As part of the Crimes of the Century strand here on Past Offences, every month we review crimes books and films first published in a particular year. In May, we focused on 1949, selected by regular contributor John from the classic movie blog Noirish. It was an unusually positive month, with more five stars and highly recommendeds than usual, so it was an inspired choice, John.
So starting with a Noirish film review, Silent Dust was described by John as almost a classic, a funny and sad British film about a bad penny turning up – a long-lost son believed killed in the war, who…
…arrives by night and unannounced, having hijacked a car and thumped its owner during the journey: Simon, who is not dead at all but deserted his men in the heat of battle and has been on the run ever since. He’s come to see if he can get enough money out of his father to escape to the US and make a new life there. Both Angela and then Joan are horrified when they find him in the house, but they conspire to keep the news from Robert, reckoning that discovering the son he idolized is in fact a blackguard would destroy him. Max, too, enters into this conspiracy of silence. But how long can they all keep it up? And what of Angela’s marriage to Max, now that he and Simon are—as Simon puts it—”husbands-in-law”?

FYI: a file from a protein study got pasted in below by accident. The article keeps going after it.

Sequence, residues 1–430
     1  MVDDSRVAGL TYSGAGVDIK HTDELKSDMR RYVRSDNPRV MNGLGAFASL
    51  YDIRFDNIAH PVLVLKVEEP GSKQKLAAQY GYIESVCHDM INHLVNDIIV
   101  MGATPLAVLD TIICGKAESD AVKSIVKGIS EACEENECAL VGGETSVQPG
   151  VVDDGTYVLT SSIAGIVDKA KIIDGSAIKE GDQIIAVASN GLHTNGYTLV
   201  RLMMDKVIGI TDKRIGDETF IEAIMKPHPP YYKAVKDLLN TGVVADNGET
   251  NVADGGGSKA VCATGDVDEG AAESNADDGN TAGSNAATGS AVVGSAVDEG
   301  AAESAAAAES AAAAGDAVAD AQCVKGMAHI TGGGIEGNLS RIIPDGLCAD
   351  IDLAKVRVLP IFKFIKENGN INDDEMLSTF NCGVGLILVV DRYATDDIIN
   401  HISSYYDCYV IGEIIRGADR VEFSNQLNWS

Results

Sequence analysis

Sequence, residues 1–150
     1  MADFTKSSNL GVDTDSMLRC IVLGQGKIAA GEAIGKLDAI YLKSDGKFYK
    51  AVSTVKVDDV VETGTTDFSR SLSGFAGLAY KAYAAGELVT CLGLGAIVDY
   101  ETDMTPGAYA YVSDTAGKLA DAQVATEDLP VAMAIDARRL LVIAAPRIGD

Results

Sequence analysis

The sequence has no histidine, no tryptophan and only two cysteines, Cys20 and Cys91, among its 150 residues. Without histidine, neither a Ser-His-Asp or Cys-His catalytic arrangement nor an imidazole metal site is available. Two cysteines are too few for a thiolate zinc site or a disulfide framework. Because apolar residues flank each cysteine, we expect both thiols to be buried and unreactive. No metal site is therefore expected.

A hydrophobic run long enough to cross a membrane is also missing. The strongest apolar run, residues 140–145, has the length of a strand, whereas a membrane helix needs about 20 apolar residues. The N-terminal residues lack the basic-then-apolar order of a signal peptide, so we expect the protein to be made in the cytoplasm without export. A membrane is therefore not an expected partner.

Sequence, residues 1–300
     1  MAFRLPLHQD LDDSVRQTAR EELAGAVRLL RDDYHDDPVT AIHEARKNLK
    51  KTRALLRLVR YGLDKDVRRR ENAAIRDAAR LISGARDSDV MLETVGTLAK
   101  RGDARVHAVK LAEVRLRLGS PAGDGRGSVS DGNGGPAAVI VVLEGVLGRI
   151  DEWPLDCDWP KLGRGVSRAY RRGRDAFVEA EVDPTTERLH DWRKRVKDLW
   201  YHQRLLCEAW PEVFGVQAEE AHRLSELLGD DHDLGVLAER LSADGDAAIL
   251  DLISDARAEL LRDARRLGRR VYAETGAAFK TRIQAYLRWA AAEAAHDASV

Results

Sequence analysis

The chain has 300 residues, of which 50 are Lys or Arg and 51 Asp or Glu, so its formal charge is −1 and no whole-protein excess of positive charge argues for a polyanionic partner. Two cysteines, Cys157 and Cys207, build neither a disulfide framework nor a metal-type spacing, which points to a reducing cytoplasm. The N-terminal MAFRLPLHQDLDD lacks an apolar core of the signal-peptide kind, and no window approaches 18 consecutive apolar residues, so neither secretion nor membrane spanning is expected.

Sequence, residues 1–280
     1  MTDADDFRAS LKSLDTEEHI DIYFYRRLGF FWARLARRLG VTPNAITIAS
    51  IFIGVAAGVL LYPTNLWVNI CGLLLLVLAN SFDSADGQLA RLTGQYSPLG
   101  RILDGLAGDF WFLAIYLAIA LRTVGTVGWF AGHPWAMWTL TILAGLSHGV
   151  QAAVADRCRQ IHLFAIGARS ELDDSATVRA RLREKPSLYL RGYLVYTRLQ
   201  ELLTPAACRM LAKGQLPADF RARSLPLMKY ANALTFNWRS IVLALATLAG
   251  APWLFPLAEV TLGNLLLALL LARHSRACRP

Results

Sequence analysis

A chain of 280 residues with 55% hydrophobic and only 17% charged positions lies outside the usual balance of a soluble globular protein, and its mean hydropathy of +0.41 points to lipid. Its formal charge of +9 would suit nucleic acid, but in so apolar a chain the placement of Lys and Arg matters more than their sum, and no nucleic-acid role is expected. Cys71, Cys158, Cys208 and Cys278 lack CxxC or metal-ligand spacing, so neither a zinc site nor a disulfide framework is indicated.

John also put in some reading time, looking at noirmeister Jim Thompson’s Nothing More Than Murder:
This was one of Thompson’s earliest crime/hardboiled novels and it isn’t one of his greats, yet it’s by no means a negligible piece. The narrative is quite sophisticated: rather than follow a straightforward linear form, he twists the chronology in the way we’ve come to associate with film noir and more especially neonoir.
Back to the movies with Stray Dog. Patrick at Book ’em Danno opted not to…
try to decide to whether a Japanese post-war semi-documentary crime film is truly noir. So let’s hedge and say that Akira Kurosawa’s Stray Dog (1949) is a policier with certain noir characteristics — not least of which is the conflictedness of its protagonist, a rookie detective played by the great Toshiro Mifune.
And it’s got a cool poster, just like this next one:
Jose Ignacio had a nice personal memory of Carol Reed’s The Third Man:
My earliest memory of this film is associated with Anton Karas music, which I used to hear in an old gramophone at home when I was a child, probably between 1955 and 1957. I also remember clearly the first time I went to see the movie in the former Cinema Tívoli in Madrid located on Alcalá 80, about 1964 (or was it Cinema Benlliure on Alcalá 106). Since then, I watched the film several times and I believe I will never get tired of seeing it.
Thanks to the internet, I was able to find the 1964 Spanish movie poster – does it seem familiar, Jose Ignacio?
Kerrie at Mysteries in Paradise took in Michael Innes’s CWA top 100 title The Journeying Boy, and changed her mind about it halfway through (exactly as I did when I read it in 2013, but in a different direction):